News Corp. Ex-Employee Said Contacted in U.S.
Prosecutors investigating hacking and bribery allegations at Rupert Murdoch’s News Corp. (NWSA) are seeking to interview a former employee of a U.S. unit who claims knowledge of illegal activity at the company, according to a person familiar with the matter.
U.S. prosecutors in Manhattan this month contacted a lawyer for Robert Emmel, a former account director at News America Marketing In-Store LLC, about allegations of hacking and possible violations of the Foreign Corrupt Practices Act, said the person, who wasn’t authorized to discuss the matter.
Emmel said in court papers that he had evidence of “widespread illegal activity” at News Corp.’s retail marketing unit and gave it to federal lawmakers and regulators in 2006, the year the company fired him. Emmel made the allegations in a lawsuit News America Marketing brought against him.
Carly Sullivan, a spokeswoman for U.S. Attorney Preet Bharara in New York, declined to comment on whether prosecutors had made the contact. Emmel declined to comment.
Philip Hilder, a lawyer for Emmel, said in an interview that “authorities have reached out” to him. Hilder declined to identify the investigators or what they are seeking.
Suzanne Halpin, a spokeswoman for News Corp., declined to comment on the development.
The contact with Emmel’s lawyer was previously reported by the watchdog group Media Matters for America.
Emmel, in papers filed in the News America Marketing lawsuit, described the evidence given to lawmakers and regulators in 2006 as “substantial oral and documentary” information of the company’s “extensive billing and revenue- sharing fraud against its customers; its predatory and anticompetitive schemes against competitors” and “fraudulent inflation of its reported earnings unbeknownst to its shareholders.”
Emmel said in court filings that he made the disclosures in mailings and meetings with the staffs of the U.S. Senate Finance Committee, the Securities and Exchange Commission and the New York attorney general’s office.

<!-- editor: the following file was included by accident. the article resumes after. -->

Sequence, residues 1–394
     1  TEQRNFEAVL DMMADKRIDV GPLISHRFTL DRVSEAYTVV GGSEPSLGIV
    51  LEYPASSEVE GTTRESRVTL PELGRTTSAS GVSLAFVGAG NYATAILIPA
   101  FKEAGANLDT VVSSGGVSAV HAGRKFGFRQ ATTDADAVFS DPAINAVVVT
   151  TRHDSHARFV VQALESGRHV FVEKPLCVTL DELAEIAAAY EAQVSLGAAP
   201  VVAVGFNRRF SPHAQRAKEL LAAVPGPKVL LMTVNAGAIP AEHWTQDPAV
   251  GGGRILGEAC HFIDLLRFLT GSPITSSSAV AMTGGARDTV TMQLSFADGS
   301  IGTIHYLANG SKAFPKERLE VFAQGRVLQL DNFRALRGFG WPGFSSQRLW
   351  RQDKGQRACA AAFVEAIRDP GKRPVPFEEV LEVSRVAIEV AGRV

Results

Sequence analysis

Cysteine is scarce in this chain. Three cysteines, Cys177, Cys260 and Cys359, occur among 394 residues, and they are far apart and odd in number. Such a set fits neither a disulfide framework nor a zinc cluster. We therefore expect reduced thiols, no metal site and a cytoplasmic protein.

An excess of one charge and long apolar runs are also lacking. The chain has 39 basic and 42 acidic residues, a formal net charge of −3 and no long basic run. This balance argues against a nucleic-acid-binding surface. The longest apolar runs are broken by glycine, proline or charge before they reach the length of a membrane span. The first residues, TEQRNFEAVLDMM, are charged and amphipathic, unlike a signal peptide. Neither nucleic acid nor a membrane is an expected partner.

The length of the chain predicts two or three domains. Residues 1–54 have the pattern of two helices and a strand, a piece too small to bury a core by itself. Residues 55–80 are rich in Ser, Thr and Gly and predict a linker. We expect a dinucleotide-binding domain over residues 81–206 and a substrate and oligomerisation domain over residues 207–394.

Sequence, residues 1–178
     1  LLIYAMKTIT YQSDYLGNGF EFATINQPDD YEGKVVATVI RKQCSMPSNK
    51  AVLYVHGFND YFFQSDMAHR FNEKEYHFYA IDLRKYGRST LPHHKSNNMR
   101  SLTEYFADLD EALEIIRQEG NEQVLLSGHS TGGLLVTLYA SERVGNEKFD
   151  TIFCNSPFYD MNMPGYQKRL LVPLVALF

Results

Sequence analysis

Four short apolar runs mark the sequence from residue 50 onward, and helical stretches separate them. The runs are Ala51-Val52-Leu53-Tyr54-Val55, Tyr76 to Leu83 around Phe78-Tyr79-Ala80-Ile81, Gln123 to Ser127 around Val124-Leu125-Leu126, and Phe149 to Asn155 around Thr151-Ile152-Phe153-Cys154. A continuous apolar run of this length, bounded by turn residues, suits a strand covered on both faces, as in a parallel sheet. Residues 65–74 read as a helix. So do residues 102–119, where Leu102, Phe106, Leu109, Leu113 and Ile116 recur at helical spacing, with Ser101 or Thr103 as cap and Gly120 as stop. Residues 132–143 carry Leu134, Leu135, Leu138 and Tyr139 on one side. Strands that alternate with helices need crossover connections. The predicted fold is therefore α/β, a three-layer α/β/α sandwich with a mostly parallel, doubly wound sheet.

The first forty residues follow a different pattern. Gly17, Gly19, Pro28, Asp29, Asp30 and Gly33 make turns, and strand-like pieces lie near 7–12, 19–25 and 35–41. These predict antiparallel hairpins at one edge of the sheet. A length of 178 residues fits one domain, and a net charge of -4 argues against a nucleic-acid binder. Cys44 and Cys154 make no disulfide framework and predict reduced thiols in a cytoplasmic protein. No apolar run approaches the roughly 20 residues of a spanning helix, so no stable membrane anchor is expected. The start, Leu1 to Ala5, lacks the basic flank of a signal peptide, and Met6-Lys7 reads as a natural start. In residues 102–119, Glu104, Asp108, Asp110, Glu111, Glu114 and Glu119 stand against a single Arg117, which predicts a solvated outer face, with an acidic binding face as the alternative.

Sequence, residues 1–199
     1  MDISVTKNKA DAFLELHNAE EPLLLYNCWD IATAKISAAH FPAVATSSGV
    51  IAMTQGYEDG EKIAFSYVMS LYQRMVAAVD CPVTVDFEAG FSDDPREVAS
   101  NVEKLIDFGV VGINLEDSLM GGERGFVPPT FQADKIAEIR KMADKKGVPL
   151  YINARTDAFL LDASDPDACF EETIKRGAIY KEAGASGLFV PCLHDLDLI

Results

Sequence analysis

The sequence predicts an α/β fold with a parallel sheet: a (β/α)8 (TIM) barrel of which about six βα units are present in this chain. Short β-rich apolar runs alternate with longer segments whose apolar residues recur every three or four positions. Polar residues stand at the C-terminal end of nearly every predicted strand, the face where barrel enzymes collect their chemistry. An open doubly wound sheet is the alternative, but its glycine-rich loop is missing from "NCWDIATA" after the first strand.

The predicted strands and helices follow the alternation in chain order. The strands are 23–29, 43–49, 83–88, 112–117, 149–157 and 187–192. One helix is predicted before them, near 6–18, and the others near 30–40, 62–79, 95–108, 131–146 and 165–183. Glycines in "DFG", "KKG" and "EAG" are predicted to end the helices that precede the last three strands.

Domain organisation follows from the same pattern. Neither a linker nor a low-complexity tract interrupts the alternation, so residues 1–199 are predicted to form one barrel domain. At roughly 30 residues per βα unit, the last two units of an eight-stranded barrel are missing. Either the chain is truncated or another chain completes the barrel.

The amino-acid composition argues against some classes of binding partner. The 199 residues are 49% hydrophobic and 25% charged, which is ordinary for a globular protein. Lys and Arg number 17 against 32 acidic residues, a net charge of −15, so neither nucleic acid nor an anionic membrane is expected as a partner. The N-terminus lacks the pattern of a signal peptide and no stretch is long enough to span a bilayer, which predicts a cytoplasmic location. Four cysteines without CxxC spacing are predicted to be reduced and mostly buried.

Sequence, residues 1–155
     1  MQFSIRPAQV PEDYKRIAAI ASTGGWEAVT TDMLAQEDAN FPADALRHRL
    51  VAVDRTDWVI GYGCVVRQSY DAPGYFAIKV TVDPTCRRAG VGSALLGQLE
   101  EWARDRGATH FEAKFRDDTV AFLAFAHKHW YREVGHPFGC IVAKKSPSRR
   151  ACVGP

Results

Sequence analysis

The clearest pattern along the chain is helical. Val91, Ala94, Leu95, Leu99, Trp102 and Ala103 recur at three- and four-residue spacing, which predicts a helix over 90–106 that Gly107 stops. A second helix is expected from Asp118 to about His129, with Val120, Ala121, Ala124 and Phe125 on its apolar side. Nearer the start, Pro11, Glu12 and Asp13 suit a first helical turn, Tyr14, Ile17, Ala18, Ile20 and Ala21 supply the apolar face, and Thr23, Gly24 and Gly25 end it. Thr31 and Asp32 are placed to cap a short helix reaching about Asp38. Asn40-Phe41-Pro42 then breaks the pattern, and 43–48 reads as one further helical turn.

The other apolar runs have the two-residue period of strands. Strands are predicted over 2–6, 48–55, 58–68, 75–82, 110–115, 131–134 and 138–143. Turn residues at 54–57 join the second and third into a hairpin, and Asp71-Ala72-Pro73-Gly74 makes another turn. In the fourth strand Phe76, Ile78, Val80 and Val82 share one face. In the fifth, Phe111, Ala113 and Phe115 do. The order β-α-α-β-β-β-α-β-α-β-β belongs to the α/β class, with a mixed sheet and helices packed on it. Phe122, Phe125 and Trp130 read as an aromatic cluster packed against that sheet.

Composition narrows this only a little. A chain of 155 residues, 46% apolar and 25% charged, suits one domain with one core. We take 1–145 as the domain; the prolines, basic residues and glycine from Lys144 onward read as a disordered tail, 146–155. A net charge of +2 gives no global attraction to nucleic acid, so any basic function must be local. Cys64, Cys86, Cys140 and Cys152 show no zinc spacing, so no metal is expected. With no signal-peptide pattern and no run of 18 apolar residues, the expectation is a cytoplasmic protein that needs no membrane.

News America Marketing sued Emmel in federal court in Atlanta in April 2007, claiming he stole trade secrets by keeping a copy of his company computer’s hard drive and other internal documents after being fired five months earlier. News America Marketing also accused Emmel of breaking a December 2006 confidentiality agreement.
No action was taken against News Corp. by the authorities Emmel contacted in 2006, the company said in a court filing last year before Emmel won a reversal of a verdict against him.
“All of Mr. Emmel’s claims against News America Marketing are meritless,” Halpin said in an interview last month. “There have been three very public lawsuits about these matters, and at no time during any of these legal proceedings was any evidence produced to support Mr. Emmel’s claims.”
Emmel no longer has possession of the documents and is barred by a court order from discussing them unless he is subpoenaed or is cooperating with government investigators.
Since making the disclosures, Emmel has been a witness for rivals who filed civil lawsuits against News America Marketing for anticompetitive practices related to supermarket advertising.
The breach of contract case is News America Marketing In- Store LLC v. Emmel, 07-cv-00791, U.S. District Court, Northern District of Georgia (Atlanta).
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